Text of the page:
To treat a malaria outbreak in Borneo in the 1950s, the World Health Organization (WHO) sprayed DDT to kill mosquitoes.
But the DDT also killed parasitic wasps which were controlling thatch-eating caterpillars.
As a result, the thatched roofs of many homes fell down, and the DDT-poisoned insects were eaten by geckoes, which were in turn eaten by cats.
The cats perished, which led to the multiplication of rats, and then outbreaks of sylvatic plague and typhus.
To put an end to this destructive chain of events, WHO had to parachute 145,000 live cats into the area to control the rats.
So, what has this little story got to do with self-sufficiency, I hear you ask?
For to be self-sufficient it is important to engage with the World, Nature and develop awareness of consequences.
What will happen to this packaging?
Where does my waste water go?
Can I ameliorate the senseless pollution being washed down into the rivers and seas by choosing NOT to use chemicals?
In other words, make it your business to engage and understand why things are as they are!
Not the Earth, for that will go on, but humankind teeters on the brink of destruction…SELF-destruction.
And we are part of it all the time we fail to engage fully with our state of living.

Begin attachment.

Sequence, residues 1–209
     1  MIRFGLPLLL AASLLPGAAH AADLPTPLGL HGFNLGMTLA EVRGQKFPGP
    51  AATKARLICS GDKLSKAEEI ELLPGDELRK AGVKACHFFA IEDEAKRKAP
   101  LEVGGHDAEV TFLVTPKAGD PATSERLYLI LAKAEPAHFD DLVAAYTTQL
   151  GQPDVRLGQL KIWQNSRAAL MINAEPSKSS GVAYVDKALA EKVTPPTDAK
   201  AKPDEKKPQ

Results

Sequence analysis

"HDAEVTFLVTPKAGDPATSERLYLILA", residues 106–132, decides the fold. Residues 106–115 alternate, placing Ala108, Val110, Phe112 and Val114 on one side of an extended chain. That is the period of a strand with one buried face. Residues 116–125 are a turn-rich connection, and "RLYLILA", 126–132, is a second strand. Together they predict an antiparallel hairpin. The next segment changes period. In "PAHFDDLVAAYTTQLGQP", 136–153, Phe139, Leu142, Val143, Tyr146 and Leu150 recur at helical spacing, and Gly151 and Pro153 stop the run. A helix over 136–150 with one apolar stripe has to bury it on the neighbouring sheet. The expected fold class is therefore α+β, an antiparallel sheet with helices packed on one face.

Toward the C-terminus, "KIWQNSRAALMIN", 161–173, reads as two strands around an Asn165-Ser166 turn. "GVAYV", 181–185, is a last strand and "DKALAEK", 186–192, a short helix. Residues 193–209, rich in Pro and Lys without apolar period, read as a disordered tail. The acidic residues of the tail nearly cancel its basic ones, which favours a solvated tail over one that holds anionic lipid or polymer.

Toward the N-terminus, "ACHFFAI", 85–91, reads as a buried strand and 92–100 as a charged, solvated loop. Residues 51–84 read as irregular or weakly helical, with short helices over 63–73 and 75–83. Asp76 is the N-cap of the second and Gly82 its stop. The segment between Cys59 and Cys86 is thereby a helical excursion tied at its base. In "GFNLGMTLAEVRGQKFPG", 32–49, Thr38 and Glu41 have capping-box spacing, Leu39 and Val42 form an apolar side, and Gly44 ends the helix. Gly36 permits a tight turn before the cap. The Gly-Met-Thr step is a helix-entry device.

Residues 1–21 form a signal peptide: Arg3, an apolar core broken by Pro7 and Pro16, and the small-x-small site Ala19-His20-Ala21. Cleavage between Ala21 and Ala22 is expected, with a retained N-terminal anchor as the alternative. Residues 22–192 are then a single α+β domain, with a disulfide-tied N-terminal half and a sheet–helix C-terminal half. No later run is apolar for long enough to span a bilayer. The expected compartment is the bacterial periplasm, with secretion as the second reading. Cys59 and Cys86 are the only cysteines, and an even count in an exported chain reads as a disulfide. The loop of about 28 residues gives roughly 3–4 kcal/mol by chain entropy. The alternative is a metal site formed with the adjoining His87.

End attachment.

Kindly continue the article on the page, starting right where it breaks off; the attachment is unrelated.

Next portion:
I listened to a woman berate a caller to a rather mediocre radio show here in Ireland.
The woman was stating that if people stopped killing animals, we would be over-run with rats…Veganism was being held up as a possible curse upon the country!
More and more people are trotting out banal statements without engaging with the problem they talk about.
As Rachel Carson once said…”The ‘control of nature’ is a phrase conceived in arrogance, born of the Neanderthal age of biology and philosophy, when it was supposed that nature exists solely for the convenience of man…
It occurred to me that if this were a sight that could be seen only once in a century, this little headland would be thronged with spectators.
But it can be seen many scores of nights in any year, and so the inhabitants probably gave not a thought to the beauty overhead.
And because they could see it almost any night, perhaps they never will.”
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